It’s that time of year again here in the San Joaquin Valley! That time of year where the winter blues start to slip away, the sun starts to show itself a little more, and Spring is just around the corner. It’s also that time of year where if you’re driving around anywhere close to the country it might sound like it’s raining- bees!
Farmers and farming communities do their best to be good stewards when hosting bees on their land, after all, there would be no crop if there were no bees. But it’s almost like a whole new little community is moved in overnight. Which it is. And yes- it’s done, literally, overnight. Inside each bee box there is a hive, which houses the worker bees and their queen. The bees are shipped in on semi trucks and strategically placed throughout the fields at night. Each bee will go back to their hive at night to sleep and that’s when the beekeepers handle them- as far as moving the hives, checking on the health of the hive, giving the bees water, etc…
So, there’s been a lot of talk lately about the bee population and how it’s declining around the world. You might see a short story about it on the news or something and think, “well, that sucks…” and then not really think about it again. Well, to a farmer, that’s a story you don’t want to hear because it makes your heart sink to the pit of your stomach.
100% of the almonds sold in the United States are grown right here in the San Joaquin Valley. Yes- that is a fact. 100%. Every almond, in every bag, in every store, in the United States, comes from this Valley in California. *Mind blown, right?* <– I know mine was. And what does it take to make almonds? Yep, you guessed it (I’m sure the title didn’t give it away at all 😉 ) BEES!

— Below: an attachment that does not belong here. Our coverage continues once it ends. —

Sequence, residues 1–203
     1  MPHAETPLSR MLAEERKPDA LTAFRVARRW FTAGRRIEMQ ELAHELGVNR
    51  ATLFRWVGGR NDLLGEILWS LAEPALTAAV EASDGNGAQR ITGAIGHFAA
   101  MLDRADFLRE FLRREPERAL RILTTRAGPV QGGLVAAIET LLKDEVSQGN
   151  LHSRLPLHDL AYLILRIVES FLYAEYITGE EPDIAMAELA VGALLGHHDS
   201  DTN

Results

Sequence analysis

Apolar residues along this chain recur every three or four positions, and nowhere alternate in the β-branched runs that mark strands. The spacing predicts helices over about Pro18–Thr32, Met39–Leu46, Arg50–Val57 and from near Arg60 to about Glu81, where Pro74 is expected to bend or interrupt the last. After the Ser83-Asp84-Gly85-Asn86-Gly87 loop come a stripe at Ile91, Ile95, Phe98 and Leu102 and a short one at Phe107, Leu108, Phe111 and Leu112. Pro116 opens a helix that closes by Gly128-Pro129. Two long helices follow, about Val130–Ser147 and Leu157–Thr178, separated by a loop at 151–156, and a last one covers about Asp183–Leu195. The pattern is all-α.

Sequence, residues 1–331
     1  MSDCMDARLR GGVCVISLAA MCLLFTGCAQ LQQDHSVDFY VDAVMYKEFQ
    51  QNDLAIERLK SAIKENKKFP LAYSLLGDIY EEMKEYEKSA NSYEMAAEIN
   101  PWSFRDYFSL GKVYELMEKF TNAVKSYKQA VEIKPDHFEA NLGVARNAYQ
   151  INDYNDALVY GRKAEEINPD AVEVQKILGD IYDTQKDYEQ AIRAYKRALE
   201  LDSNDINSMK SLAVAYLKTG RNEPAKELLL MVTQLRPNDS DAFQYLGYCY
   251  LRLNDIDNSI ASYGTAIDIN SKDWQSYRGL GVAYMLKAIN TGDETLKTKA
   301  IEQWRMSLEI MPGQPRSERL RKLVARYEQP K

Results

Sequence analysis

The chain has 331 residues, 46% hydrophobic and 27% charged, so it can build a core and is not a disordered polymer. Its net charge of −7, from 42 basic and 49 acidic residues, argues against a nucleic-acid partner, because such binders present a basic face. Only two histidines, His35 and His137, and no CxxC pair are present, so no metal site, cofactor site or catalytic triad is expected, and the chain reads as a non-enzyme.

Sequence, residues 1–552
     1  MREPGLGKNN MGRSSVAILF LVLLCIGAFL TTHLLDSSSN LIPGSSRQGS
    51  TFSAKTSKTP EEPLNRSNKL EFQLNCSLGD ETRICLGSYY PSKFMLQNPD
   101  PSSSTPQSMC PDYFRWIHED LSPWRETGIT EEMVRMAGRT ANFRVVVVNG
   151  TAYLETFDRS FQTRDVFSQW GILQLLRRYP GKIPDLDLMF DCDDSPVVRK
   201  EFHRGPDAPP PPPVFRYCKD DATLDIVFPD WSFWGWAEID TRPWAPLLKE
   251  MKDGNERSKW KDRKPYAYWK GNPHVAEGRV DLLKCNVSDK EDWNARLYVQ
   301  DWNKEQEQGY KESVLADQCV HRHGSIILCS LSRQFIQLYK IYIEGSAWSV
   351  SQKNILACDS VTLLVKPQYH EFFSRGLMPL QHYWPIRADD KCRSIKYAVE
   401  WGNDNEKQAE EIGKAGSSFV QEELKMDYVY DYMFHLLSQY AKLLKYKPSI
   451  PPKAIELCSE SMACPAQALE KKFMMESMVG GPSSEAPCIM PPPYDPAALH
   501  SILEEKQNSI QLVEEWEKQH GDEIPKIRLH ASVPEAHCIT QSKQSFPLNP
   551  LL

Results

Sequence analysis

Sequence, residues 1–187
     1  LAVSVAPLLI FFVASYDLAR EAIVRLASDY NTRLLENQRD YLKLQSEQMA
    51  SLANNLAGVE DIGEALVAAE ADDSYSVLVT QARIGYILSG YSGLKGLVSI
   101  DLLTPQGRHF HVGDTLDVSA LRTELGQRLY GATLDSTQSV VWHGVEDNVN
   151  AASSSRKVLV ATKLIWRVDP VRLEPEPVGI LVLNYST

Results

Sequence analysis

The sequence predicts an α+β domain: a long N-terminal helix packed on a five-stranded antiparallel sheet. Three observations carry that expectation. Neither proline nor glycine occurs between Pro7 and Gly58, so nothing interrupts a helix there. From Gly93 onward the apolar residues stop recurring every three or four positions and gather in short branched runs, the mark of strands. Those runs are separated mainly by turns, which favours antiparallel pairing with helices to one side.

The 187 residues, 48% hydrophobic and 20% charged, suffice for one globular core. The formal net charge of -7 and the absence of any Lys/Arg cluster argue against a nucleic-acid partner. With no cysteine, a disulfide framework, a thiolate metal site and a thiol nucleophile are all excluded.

Back to the farmer and his/her sunken stomach- here it is in a nutshell *pun intended*. Almonds are the perfect example of why bee’s are so important. Almond trees are a permanent crop (meaning they are planted and not rotated like corn, potatoes, carrots, etc…). Almond orchards, once planted, will produce almonds for 20-40 years. For every acre of almond trees, there is a certain number of bee hives it will take to be able to produce the maximum amount of almonds. Basically, it’s textbook supply-and-demand. If the number of almond trees stays the same or increases every year and the bee population is declining, I’m sure you can imagine where the price of bee’s is going. Demand is going down, supply is going up, and prices are going through the roof. Thus, the farmers heart almost falling out his/her you-know-what.
Bee’s will help any crop that blooms. Some crops, like almonds, depend on bees and require them to be able to pollinate and produce a crop at all. Other crops, like cotton and alfalfa, do not require bees, but they do help expedite the process of producing a crop.
While the bees are being hosted by the farmers a lot of things change around the farm; the tractors stop running, the spraying of the crop and the surrounding crop is limited if not stopped completely (yes, I mean pesticides and herbicides and all that jazz- don’t worry- this will definitely be touched on in its own post) all to protect each hive and each bee. Bee lives matter. This is one of THE MOST important times for a crop that needs bees to pollinate and produce. If the bees are too disturbed to do their job, the crop doesn’t get pollinated, and there will “bee” no crop to harvest.
Wait. Go Back. Did I just say that when bees are out, the tractors… STOP? Like, stop stop? Yes, yes I did. Bees determine where they work/ pollinate by their sense of smell. If they’ve been working in a field for a couple days, undisturbed but then a tractor comes and drives through the path they have been traveling, the bee will be thrown off. Believe it or not, the scent of diesel the tractor leaves behind will throw the bee off enough for the bee to go back to the hive and let the other bees know something has changed around the are they have been going. Pretty crazy, right?
So why share about bees? Well… it’s BEEcause it blew my mind when I first learned about it 😉 To most of us, bees are pests. To farmers, bees are necessary. But to all of us, bees are valuable.